BNP Engineering News-Record Architectural Record

Paradigm Shift

In an era of tight budgets and sophiticated digital tools, architects take modular construction beyond the single-family house.

October 2012
From Architectural Record

By Joann Gonchar, AIA

In case negotiations with the unions don't work out, Forest City Ratner has a backup plan to construct the high-rise conventionally. The modular B2 and its alternate would look identical: Both schemes call for a predominantly metal-and-glass-clad tower broken up into four volumes, each articulated by panels of different hues, patterning, and reflectivity.

At 340,000 square feet, the B2 tower will be more than three times the size of the Star Apartments. But though the scales of the projects are different, the goals are the same: By minimizing on-site construction, the teams behind both buildings say they will shorten project schedules, deliver high-quality housing, and save money. Forest City Ratner claims that using the approach will move 60 percent of the work off site and shave at least four months off an 18-month construction timeline. The developer also estimates that the modular B2 tower would cost 20 percent less than a conventionally constructed building with a concrete flat-slab structure (the typical construction method for high-rise residential buildings in New York).

The developer’s preferred scheme for building the 350-apartment B2 tower includes 930 modules, each with a steel-framed chassis (above). According to the plan, the modules, including bathrooms, m/e/p services, and finishes, will be assembled in a factory not far from the site. They will be lifted into place by crane around a steel-brace frame (top) that will serve as the building's primary lateral-load-resisting system.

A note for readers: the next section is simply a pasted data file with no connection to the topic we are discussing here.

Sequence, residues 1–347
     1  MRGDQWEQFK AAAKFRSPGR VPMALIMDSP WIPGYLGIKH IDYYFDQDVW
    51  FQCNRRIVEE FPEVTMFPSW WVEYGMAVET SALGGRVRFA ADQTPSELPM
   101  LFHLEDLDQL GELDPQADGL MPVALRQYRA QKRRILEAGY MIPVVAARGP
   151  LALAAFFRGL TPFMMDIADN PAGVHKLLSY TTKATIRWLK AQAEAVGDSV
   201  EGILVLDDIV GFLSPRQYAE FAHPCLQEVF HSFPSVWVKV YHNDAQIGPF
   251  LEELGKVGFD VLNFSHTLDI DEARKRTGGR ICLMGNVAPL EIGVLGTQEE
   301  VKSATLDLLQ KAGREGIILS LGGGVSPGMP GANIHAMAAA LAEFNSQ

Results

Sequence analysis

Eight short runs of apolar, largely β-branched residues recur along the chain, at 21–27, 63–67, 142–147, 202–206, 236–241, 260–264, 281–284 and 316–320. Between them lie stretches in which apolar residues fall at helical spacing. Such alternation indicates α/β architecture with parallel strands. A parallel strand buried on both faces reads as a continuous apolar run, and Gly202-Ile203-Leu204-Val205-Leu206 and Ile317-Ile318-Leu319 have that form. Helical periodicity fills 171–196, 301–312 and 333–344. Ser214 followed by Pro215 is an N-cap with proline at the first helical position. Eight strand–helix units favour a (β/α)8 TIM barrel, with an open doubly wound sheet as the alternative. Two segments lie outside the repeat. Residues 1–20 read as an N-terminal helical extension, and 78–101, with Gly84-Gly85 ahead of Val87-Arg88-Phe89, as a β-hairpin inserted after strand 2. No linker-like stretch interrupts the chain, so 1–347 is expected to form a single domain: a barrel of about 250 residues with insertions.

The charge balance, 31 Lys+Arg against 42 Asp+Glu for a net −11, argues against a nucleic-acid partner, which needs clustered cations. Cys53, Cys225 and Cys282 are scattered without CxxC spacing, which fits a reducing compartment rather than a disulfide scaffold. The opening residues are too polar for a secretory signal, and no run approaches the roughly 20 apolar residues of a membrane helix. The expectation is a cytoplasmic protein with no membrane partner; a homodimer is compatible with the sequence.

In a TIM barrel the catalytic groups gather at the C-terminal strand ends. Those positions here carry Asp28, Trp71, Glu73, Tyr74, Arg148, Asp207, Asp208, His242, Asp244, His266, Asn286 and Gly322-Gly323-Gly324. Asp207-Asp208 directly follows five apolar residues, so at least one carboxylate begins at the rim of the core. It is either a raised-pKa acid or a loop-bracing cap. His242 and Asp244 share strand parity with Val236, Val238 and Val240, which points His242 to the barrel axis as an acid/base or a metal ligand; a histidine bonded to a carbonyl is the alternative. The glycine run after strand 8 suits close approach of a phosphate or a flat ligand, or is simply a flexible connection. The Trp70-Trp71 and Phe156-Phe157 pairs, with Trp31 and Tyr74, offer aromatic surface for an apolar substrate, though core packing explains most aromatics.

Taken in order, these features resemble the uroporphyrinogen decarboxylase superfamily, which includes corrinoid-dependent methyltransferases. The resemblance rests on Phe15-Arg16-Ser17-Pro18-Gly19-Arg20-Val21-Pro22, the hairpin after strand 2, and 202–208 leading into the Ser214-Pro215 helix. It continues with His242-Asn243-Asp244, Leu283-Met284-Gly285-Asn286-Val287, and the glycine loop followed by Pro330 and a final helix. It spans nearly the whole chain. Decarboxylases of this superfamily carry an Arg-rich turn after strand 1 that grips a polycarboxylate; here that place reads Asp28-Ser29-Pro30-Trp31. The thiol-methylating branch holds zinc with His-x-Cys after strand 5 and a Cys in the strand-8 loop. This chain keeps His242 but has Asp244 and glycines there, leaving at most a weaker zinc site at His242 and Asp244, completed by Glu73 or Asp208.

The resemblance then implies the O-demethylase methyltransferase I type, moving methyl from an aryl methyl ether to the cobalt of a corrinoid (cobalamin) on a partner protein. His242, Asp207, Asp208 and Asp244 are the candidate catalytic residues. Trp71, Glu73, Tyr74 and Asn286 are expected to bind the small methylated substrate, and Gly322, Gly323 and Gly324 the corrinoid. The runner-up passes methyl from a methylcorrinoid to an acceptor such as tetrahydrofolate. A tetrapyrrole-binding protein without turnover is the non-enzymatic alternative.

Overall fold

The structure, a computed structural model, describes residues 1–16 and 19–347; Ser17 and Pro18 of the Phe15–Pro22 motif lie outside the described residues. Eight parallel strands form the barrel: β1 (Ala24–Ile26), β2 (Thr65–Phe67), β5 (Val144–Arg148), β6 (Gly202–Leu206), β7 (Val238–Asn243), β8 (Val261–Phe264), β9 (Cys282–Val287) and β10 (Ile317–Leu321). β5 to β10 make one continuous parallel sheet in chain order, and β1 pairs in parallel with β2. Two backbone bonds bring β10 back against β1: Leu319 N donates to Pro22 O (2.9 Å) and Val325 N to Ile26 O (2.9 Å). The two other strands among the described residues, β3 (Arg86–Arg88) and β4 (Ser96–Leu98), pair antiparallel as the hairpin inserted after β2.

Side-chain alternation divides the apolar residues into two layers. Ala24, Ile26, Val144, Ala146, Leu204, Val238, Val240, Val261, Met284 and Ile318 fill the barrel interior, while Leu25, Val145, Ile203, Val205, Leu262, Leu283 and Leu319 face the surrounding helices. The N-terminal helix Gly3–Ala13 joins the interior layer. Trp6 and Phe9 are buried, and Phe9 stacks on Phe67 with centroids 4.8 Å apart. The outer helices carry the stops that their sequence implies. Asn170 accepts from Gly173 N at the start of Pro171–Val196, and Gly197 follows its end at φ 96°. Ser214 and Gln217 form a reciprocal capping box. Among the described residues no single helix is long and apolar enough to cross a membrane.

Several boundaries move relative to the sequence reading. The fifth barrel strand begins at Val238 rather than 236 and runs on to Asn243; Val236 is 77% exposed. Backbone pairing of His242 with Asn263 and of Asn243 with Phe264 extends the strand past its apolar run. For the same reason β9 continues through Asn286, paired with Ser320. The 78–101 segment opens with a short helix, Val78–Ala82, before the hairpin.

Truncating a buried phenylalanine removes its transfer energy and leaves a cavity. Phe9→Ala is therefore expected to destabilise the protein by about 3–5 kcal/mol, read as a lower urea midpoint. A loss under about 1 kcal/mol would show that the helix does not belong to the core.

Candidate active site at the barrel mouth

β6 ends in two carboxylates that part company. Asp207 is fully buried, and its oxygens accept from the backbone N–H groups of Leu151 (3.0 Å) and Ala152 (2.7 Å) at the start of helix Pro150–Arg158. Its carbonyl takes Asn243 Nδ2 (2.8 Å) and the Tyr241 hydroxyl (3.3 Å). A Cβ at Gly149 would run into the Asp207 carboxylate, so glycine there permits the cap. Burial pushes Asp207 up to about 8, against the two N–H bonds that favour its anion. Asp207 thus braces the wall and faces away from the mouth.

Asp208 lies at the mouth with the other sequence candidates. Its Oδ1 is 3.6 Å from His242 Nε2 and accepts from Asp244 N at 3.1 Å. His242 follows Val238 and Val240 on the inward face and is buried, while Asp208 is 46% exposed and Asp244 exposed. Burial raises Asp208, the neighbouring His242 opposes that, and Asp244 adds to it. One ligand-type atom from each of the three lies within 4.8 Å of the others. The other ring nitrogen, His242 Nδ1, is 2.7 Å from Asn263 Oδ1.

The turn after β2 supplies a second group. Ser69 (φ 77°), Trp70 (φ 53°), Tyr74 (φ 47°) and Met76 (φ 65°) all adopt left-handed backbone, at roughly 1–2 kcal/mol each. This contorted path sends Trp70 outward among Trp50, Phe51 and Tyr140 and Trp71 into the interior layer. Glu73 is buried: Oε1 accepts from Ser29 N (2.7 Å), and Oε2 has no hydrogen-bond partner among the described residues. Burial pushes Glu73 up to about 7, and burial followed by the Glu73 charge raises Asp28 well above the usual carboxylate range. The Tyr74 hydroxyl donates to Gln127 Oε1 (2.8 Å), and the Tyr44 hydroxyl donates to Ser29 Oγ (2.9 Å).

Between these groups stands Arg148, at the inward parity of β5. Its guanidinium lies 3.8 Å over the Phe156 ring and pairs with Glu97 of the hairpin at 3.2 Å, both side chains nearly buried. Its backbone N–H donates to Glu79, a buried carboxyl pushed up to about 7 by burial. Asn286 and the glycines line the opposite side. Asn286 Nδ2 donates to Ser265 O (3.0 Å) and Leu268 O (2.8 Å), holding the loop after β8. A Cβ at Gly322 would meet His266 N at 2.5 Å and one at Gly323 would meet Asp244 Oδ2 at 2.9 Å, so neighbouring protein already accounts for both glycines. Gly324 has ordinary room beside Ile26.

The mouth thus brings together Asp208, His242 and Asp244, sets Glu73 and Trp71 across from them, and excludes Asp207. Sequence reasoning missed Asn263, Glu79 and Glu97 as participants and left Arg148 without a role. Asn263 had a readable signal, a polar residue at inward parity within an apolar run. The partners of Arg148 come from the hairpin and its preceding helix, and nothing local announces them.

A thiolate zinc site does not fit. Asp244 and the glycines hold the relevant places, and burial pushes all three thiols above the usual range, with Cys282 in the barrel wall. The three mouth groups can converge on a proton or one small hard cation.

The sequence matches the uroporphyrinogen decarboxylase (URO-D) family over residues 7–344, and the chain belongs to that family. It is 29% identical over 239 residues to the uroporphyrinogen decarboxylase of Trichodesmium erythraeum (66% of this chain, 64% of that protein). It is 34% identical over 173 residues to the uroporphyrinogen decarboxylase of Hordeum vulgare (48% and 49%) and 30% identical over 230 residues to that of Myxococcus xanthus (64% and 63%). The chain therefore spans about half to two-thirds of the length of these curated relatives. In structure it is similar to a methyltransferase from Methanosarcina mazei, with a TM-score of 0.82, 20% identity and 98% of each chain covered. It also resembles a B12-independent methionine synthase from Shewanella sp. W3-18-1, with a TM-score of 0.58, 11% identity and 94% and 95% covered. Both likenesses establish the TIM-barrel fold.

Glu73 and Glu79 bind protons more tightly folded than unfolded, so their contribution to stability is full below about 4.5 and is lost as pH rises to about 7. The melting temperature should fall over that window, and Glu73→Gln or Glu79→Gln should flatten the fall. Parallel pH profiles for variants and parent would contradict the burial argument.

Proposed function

Images courtesy SHoP Architects (above); Arup (top)

These savings are especially significant since the Atlantic Yards site, which covers 22 acres, is ultimately projected to include 14 residential buildings. Of the 6,430 planned rental and condominium apartments, 2,250 are reserved for low- or middle-income households. As each tower is built, the developer anticipates that its modular-construction process would improve. “We expect to find even greater levels of efficiency,” says Sanna.

Similarly, the Skid Row Housing Trust, which has a portfolio of 1,600 units in 23 buildings in Los Angeles, sees modular building as an economically viable alternative to conventional construction. “We want to continue to develop housing even in the context of a tough fiscal environment,” says Mike Alvidrez, the organization's executive director.

The trust expects Star to be completed in April 2013, approximately 14 months after workers began retrofitting the reinforced-concrete-and-masonry structure that will serve as the apartment building's base, converting it into space for retail tenants, social-service providers, and recreation, including a running track and basketball court. A more typical construction timeline would be 18 to 24 months, says Theresa Hwang, community designer for the organization. She also points out that the residential floors represent only about 25 percent of the $19.7-million construction cost, even though they make up more than half of its 95,000 square feet. “Our per-unit costs are dramatically lower,” she says.

Proponents of modular construction say the efficiencies are realized by performing work in a factory environment, where labor costs are lower and the construction is not subject to weather-related delays. The savings also come from the ability to perform foundation construction and other site-bound work simultaneously with unit assembly. Advocates of the approach also tout benefits such as reduced noise and less construction-related disruption in the neighborhood surrounding the building site, as well as improved job-site safety, since so much of the work normally done outdoors, many stories in the air, is performed on the factory floor. And they cite green advantages, like reductions in construction waste and the potential for better energy performance, which they attribute to tighter quality control. (Both project teams hope to achieve LEED certification, with the B2 targeting Silver and Star seeking Platinum.)


Originally published in the October 2012 issue of Architectural Record
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